To all my friends,
Thank you so much for your kind words and comforting support during the recent loss of my husband. I apologize for not taking the time to personally contact each and every one of you at this time. But rest assured; I eventually will.
I am working full time while diligently trying to put Al’s memorial together. It is scheduled for June 27th, the day after our 10th wedding anniversary. I still have so much to do. The overwhelming response from friends all over the world has been amazing. I am so proud of my husband.
Al never fully realized how much he was loved, or what an impact he had made in other peoples lives. I think people who have struggled to overcome a mental illness often fail to recognize their full worth, and that is so sad. He was the love of my life and it will never be the same without him.
The past few days and weeks have been an incredible journey for me, and I feel I have grown so much. It really is true that often one doesn’t fully appreciate the life around them until they lose someone very close and dear to them.
I have been telling everyone I meet that if you love someone dearly, please be sure and tell them so–every single day. You never know when that one missed opportunity might be your very last.
I feel so overwhelmingly blessed that my husband’s dying words were to me, “I’m having terrible chest pain right now . . . I love you . . . Got to go now. . . Bye . . .”
I called him on my cell phone from the hardware store inquiring about a part he had sent me to buy for the garden tiller. While home alone, he suffered a fatal heart attack. Anxiously returning home less than five minutes later, I found him lying flat on his back on our living room floor. Racing to him, I knelt and laid my hand on his bare chest. He wasn’t breathing. I felt the last fleeting beats of his heart as I desperately tried to feel his carotid pulse. He was only 53.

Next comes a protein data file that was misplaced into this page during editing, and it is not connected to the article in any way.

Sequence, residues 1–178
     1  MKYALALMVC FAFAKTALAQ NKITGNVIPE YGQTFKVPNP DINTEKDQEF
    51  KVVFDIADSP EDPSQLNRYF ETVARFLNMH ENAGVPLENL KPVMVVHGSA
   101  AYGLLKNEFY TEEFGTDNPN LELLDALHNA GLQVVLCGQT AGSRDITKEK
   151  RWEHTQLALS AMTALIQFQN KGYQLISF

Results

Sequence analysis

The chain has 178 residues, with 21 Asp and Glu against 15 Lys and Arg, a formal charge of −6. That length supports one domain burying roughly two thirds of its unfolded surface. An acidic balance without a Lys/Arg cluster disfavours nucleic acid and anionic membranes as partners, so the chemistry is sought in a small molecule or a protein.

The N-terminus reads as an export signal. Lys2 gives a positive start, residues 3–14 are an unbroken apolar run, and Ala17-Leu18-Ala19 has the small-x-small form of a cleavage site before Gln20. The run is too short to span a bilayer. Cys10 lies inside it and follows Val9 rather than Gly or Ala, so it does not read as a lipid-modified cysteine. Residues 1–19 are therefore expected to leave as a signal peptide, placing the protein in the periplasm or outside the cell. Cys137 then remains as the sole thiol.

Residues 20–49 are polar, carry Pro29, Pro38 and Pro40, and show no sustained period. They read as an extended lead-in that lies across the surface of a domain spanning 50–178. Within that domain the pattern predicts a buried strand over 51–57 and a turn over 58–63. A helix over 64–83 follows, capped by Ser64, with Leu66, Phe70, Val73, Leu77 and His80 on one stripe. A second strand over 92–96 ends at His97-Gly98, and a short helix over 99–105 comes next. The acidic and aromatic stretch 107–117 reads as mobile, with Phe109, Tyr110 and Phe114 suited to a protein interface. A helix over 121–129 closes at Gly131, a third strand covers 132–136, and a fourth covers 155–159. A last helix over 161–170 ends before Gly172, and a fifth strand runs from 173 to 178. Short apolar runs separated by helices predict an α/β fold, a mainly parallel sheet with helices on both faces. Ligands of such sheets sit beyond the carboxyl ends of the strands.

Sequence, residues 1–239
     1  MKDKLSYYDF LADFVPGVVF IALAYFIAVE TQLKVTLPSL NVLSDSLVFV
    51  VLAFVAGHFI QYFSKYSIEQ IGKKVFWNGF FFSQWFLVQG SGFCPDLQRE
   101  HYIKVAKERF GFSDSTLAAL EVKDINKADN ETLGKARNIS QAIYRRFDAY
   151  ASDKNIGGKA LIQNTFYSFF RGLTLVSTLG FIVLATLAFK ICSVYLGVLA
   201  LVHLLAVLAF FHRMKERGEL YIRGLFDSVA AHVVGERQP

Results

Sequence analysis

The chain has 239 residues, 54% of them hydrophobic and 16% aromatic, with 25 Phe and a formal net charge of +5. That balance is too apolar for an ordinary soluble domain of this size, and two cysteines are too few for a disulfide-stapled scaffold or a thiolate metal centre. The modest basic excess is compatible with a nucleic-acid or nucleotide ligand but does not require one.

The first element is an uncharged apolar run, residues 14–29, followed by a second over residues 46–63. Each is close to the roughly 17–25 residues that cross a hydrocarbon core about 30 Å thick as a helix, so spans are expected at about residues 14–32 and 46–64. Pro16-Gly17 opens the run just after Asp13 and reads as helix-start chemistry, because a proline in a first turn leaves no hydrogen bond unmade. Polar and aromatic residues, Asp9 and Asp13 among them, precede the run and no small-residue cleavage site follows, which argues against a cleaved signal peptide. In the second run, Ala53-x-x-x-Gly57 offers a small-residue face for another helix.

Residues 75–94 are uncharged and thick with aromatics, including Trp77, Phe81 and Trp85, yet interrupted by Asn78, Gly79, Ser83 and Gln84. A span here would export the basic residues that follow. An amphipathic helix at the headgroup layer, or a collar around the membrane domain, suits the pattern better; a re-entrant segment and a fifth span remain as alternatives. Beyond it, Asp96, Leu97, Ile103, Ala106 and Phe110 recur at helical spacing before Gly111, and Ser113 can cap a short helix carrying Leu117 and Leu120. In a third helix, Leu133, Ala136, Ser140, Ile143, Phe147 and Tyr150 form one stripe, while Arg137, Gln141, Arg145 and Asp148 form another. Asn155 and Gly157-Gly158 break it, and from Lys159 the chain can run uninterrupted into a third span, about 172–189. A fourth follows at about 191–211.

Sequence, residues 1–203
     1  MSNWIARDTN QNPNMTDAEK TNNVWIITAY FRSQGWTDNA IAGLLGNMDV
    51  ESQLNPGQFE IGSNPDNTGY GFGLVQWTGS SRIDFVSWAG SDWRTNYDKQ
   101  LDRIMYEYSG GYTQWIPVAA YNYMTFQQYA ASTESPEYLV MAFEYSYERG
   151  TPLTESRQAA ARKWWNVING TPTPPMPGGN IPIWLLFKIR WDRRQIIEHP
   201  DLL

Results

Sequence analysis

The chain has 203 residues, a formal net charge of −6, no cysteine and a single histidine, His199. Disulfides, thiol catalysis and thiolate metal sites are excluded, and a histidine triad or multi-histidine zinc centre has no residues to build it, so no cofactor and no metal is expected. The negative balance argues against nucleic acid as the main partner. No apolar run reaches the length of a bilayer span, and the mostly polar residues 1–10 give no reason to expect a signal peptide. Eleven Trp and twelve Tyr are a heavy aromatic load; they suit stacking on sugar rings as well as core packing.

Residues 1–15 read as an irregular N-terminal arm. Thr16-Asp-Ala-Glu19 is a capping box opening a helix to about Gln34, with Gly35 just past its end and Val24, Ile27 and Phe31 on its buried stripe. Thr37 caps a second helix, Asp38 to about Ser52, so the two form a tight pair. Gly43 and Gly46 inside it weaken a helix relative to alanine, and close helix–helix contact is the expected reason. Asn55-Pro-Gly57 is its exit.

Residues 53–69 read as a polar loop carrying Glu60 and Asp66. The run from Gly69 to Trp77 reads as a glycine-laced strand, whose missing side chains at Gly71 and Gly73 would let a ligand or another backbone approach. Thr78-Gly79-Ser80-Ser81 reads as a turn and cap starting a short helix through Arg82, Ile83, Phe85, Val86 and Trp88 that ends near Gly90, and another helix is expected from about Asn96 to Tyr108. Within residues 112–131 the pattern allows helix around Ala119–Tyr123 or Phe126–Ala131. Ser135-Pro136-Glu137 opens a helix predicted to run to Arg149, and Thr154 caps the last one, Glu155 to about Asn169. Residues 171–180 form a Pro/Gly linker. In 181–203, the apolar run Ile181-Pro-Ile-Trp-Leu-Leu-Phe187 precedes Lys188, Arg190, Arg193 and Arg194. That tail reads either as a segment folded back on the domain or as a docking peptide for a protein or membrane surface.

Life is so precious and short. Take this opportunity right now to tell someone dear how much he or she really means to you. I urge everyone reading this to reach out and try to mend a broken friendship. You may never get another opportunity.
Be a little nicer to that grouchy grocery clerk. Try not to take harsh words or others’ actions quite so personal. Remember, others are often distracted, dealing with their own issues. More than likely the driver of that car that just cut you off didn’t do it deliberately. They were just distracted; that’s all. There are many people around you that may just be having a bad day. So try to remember not to take things quite so personal as it is often just them, not you.
You might be pleasantly surprised how much a smile and a little kindness mean to others. Keep smiling and have a nice day!